It’s Time To Quit: And Try

“Twenty years from now you will be more disappointed by the things that you didn’t do than by the ones you did so. So throw off the bowlines. Sail away from the safe harbor. Catch the trade winds in your sails. Explore. Dream. Discover.” – Mark Twain

I recently let my daughter quit competitive soccer. (In the age of helicopter parenting, this is heresy.)

She’s played since she was four years old, which I’m slightly horrified to admit, means she’s been competing in one sport for six years.

And she’s really, objectively, quite good.

But she felt deeply she was done. And she trusted her gut enough to tell us.

The game didn’t excite her anymore. Getting her ready for practice was a cross between a tear-jerking Hallmark movie and a WCW face-off.

After a week of serious discussions, a batch of am-I-a-bad-parent research and soul-searching, my husband and I let her quit.

She immediately reported feeling highly relieved, over-joyed and happy.

The only snag was her older sister who sweetly told her, “You’ll regret it.”

My youngest came to me the next night and asked me, “Am I a quitter?”

“Who told you that?” I said.

“I got the memo,” she answered and mentioned her sister. (I had to stifle a laugh.)

“No,” I answered. “You’re a try-er.”

“As a kid it is your job to try things. You’re supposed to experiment, fall in love with things, fall out of love, jump around and see what you like. If you don’t enjoy something anymore, it’s time to move on.

“There are plenty of things in life you can’t stop doing like going to school, being a kind person, and being our daughter. The rest of it, if you feel it’s not for you anymore, you can change.”

I’m not quite sure what parenting muse was guiding me in that moment, but whoever you are, thank you for those words.

They made me think.

Maybe they apply to more than just kids.

Do you see yourself as a try-er? Do you celebrate when you try something new? Or do you keep doing things because you’re afraid of quitting? Do you make the fear of quitting a snug little safe trap for yourself?

When was the last time you were a try-er? When was the last time you tried to do something completely new?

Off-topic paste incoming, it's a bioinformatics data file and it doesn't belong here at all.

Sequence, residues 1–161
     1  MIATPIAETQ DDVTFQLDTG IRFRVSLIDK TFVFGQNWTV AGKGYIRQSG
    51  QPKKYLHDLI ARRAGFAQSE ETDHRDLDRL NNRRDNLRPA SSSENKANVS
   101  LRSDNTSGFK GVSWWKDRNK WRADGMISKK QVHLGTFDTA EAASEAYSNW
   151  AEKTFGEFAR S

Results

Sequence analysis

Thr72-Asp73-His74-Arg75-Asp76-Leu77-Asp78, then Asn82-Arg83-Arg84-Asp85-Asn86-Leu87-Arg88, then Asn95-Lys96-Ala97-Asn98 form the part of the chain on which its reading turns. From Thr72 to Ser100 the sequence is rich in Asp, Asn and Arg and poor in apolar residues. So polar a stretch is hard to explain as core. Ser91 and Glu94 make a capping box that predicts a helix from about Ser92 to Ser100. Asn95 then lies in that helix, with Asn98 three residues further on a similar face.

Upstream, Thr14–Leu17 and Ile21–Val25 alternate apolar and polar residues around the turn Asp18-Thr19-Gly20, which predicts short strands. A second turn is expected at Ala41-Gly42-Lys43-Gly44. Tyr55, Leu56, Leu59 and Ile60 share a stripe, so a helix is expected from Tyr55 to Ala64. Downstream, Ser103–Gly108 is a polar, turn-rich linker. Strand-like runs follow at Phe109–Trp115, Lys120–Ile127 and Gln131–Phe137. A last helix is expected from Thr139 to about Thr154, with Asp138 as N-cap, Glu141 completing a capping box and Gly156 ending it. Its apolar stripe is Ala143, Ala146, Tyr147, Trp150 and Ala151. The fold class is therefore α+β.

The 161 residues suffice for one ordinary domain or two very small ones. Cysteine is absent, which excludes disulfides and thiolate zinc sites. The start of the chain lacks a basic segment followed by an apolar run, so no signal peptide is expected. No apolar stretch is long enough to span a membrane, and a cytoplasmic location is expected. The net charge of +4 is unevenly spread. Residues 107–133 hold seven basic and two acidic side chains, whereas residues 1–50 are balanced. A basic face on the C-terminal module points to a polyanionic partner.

Or, when was the last time you let something go that was sapping your energy, stealing your precious hours and crushing your spirit?

It takes courage to quit. To let go. To open yourself up to the unknown.

I’ll never forget having to quit my job teaching English in Japan, two months shy of my 12-month contract. I felt like a total loser – even though working out the contract was a threat to my mental health.

I don’t think I have ever been so scared in my life.

But the minute it was over, I was a new person.

I was a dammed river, finally flowing again.

Relief like that, in life, is hard to come by.

Without really realizing it, this month, I tried something totally new. I became the parent of a high schooler. I launched a new project for my business that I’ve never done before.

This was before I read The E-Myth Enterprise by Michael E. Gerber. In it, Gerber insists one of the ironclad laws of business is More. People will always want more. To meet this need as businesses, we must continue to provide more.

To me, as an entrepreneur, this means although it’s often uncomfortable to me, I must continue to insist on new ideas, on innovative steps, on being a try-er.

And but I could do more. I could keep figuring out what I love instead of resting on my laurels.

I could encourage my family, my business partner, my team to do the same.

I could, like my 70-something dad recently did, learn how to ride a motorcycle.

Well, I could try.

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